The clock is now ticking on a $120 million fiber optic network City Utilities of Springfield is set to finish within three years.
The expansion through CU’s SpringNet division started in February, with the initial attention on the city’s north side. It’s a public-private partnership with CenturyLink Inc. (NYSE: CTL) that will roll out gigabit internet service to over 90,000 potential users within the Springfield boundary market, said Jeff Bertholdi, SpringNet director.
“There is no official schedule and there’s no official order of how we will be going through town,” he said, noting CU has divided the city into seven areas. “We deal with it on a case-by-case basis. North and northwest will be our focus in the next six months.”
Crews currently are working in the area around West Norton Road, between the Springfield-Branson National Airport and Partnership Industrial Center. Workers are hanging fiber optic lines on utility poles, as well as installing conduits in areas where utilities run underground.
“We’re slightly behind, as we’ve had a wet February and March, so we’ve lost some days to weather,” Bertholdi said, adding the utility company is targeting a fall/winter 2022 completion. “That’s assuming weather works with us and we don’t have lots of lost time due to COVID-19.”
CU is adding 1,110 new miles of fiber-optic lines to provide high-speed internet to businesses and residences in Springfield. CenturyLink signed on to lease the network and build system drops to all businesses and homes that request service. Customers will directly pay for service to CenturyLink, which agreed to covers CU’s costs for the project. Declining to disclose costs for the partnership, CU officials said the initial lease is for 15 years, and it can renew every five years after that period.
Steve Kirks, senior manager and fiber market lead with CenturyLink, said SpringNet is building the fundamental structure for the network. CenturyLink will follow in behind as CU finishes areas of construction in town to start connecting customers in volume by the fall.
“We’ll light up entire areas at roughly the same pace at a 60-day interval,” he said. “The initial runs will be smaller to start with to make sure we have processes done well. We’re hoping we can get our first customers on during the summertime.”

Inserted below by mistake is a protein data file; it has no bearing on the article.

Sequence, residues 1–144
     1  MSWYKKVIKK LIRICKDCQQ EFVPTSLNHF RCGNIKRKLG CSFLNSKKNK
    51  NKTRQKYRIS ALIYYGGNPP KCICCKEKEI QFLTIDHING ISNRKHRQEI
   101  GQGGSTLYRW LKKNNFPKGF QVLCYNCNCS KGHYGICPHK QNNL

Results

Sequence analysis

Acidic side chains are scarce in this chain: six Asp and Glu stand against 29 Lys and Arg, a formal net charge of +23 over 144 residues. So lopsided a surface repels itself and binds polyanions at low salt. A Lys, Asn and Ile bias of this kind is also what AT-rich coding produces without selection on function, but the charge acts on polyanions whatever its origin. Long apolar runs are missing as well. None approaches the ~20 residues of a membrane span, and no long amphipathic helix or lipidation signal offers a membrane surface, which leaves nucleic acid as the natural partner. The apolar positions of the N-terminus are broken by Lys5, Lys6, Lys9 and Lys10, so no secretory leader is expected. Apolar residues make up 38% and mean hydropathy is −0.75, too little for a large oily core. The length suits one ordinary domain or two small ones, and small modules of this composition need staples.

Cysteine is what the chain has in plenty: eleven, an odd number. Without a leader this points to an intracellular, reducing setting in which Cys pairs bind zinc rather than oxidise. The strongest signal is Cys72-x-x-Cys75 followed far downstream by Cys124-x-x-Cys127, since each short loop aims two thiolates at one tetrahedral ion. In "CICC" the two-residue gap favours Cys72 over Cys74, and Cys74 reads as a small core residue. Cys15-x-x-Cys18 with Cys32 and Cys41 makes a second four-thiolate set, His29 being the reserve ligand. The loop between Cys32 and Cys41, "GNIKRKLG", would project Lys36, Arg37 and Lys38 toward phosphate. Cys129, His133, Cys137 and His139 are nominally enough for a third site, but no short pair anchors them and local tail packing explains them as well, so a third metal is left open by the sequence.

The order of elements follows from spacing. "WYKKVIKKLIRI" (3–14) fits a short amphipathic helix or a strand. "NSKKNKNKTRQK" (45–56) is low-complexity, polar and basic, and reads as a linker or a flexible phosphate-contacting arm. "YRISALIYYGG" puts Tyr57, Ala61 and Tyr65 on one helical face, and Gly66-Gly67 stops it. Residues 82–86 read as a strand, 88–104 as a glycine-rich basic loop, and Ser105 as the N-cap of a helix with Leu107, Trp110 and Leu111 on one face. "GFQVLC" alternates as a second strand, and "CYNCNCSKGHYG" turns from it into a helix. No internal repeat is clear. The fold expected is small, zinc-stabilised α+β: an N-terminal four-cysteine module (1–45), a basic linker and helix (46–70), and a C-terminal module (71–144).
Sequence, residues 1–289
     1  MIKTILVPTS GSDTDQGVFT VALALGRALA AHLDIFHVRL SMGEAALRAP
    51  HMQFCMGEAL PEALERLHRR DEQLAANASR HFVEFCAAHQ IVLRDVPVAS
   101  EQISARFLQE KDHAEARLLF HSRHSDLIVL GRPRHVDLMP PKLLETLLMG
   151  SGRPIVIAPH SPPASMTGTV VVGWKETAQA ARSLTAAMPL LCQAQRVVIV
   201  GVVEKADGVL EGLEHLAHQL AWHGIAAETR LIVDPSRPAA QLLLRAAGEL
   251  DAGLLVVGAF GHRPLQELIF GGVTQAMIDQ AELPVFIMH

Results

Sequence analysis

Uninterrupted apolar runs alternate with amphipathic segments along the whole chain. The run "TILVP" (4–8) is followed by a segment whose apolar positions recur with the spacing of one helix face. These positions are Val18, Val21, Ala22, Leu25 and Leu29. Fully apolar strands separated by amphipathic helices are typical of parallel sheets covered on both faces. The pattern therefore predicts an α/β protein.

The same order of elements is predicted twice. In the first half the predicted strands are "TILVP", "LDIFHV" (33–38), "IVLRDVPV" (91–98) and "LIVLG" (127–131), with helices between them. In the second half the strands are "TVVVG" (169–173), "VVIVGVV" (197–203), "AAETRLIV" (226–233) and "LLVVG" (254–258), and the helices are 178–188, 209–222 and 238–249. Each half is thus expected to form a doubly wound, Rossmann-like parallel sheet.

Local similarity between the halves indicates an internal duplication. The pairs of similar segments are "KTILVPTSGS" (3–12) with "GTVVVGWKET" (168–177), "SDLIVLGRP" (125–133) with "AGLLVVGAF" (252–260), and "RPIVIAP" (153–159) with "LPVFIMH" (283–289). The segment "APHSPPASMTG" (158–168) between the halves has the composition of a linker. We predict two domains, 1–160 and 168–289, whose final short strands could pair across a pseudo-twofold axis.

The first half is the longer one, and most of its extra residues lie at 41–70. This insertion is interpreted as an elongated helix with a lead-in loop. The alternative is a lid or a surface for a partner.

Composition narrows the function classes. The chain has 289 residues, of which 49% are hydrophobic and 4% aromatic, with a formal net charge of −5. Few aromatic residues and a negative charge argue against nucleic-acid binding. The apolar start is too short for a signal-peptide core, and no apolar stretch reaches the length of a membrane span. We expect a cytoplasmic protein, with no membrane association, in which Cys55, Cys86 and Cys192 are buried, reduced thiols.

‘Zero net effect’
CU General Manager Gary Gibson said CenturyLink’s gigabit plans in other markets run $60-$70 per month, according to past Springfield Business Journal reporting. Kirks agreed, but declined to confirm a pricing structure.
“We’re not ready to disclose specific packages or pricing at this time,” he said, also declining to disclose customer projections. “We’ll have a significant number of customers by the end of the year, if they want our product.”
Broadband providers like CenturyLink are connecting customers with fiber at a significant clip, according to market research firm RVA LLC. In its North American 2019 Advanced Broadband Report, the firm said broadband providers had reached 49.2 million homes with fiber, up 17% from the prior year.
Internet service overall has also permeated the U.S. market, as 82% of households are online, of which 96% is broadband, according to analyst firm Leichtman Research Group.
CU officials say the network expansion project won’t cost their customers – unless they’re buying the new service.
“The cost is a zero net effect on CU customers, in that the project itself is financially solvent. The tenant revenue pays for the project,” Bertholdi said, referring to CenturyLink and any other company that would pay the city to use the network. “There’s zero impact to utility bills … to utility rates. This is completely self-funded.”
Springfield is the second market of similar size to implement the municipal utility lease model, according to Bertholdi.
Huntsville, Alabama was the first. Huntsville Utilities announced in February 2016 that it reached a lease agreement with Google Fiber to provide internet service throughout the city.
Bertholdi said CU officials have been in discussions with other undisclosed potential tenants besides CenturyLink.
A rental network is a new concept for Monroe, Louisiana-based CenturyLink, Kirks said.
“Springfield is part of a new strategy, a new blueprint in the way we do new businesses and new markets,” he said. “We’re going to be very careful to make sure we do it right.”
Bertholdi said gigabit internet service could make Springfield a more attractive place to live or relocate, especially for home-based businesses and those with greater demands for personal use, such as streaming video. Telecommuting, as well as online education and medical needs has a high attraction, Bertholdi said. That’s particularly true in the ongoing challenges brought on by the coronavirus, he added, calling the telehealth services vital.
“Springfield as a gigabit city adds a ton of value to consumers, not to mention all the things that come in on the pipe,” he said. “This COVID thing has shown us how that telehealth, in and of itself, might be a huge benefit in avoiding passing on sickness to others.”
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